340209 Public Sector Economics
720203 Industrial organisations
720204 Industry policy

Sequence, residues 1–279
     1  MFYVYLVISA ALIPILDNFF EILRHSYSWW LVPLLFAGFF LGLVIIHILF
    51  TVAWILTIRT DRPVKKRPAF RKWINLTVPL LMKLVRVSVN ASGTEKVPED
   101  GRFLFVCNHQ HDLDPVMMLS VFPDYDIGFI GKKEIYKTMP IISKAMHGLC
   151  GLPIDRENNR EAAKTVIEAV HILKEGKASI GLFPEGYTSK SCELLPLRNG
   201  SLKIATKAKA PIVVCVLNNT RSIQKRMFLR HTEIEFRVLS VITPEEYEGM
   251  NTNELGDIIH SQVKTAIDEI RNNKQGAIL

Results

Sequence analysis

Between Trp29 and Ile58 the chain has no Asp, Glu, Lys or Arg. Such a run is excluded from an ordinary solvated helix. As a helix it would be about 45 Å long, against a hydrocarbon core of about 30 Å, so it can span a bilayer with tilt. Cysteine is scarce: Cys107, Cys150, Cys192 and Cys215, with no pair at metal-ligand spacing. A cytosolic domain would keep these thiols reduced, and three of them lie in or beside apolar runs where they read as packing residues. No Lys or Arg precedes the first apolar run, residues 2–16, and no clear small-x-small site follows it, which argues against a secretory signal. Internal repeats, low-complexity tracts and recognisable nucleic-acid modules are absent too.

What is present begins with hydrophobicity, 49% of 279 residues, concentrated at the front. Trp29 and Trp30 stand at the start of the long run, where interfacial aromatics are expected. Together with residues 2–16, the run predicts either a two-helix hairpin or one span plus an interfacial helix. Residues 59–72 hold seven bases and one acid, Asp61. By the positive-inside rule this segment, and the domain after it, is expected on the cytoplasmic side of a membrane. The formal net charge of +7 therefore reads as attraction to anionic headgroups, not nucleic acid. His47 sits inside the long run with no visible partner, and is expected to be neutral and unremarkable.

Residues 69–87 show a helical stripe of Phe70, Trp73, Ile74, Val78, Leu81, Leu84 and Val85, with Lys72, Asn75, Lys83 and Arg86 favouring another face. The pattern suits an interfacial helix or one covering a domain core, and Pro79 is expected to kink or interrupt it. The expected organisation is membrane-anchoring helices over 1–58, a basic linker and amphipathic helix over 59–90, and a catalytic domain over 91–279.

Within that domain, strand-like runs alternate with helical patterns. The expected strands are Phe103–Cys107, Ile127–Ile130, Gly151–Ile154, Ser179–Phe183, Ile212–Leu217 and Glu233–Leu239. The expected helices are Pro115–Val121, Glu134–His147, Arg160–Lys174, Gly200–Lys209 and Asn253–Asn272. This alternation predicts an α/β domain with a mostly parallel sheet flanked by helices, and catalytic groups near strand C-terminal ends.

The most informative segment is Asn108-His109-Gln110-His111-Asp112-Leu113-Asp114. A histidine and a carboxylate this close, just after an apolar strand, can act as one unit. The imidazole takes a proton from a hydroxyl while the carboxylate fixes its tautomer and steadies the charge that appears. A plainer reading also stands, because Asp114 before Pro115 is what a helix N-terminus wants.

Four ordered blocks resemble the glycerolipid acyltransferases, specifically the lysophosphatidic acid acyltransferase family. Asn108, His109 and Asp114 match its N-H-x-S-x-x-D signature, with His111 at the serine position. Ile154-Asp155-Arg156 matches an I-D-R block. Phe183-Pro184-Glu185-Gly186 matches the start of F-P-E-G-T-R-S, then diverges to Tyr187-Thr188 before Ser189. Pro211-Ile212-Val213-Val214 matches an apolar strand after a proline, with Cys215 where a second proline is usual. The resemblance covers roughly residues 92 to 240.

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AbstractThe quality of university teaching is increasingly the subject of political rhetoric, but doubt remains about both actual performance outcomes and the role and relevance of the Australian Universities Quality Agency (AUQA). Present quality procedures are found to be inadequate, and scepticism about AUQA's capacity to achieve its aims is well justified for two reasons: the almost complete lack of recognition of the importance of incentives to motivate teachers to allocate effort towards teaching at the expense of research; and the inadequate attention to the need for more accurate indicators of teaching performance. This paper suggests ways of improving the effectiveness of AUQA in raising the quality of university teaching. Two key reforms suggested are: (a) the wide reporting of more accurate teaching performance indicators; (b) a revised university funding model in which university income is based on teaching performance indicators in the same way that research income is based on research performance indicators.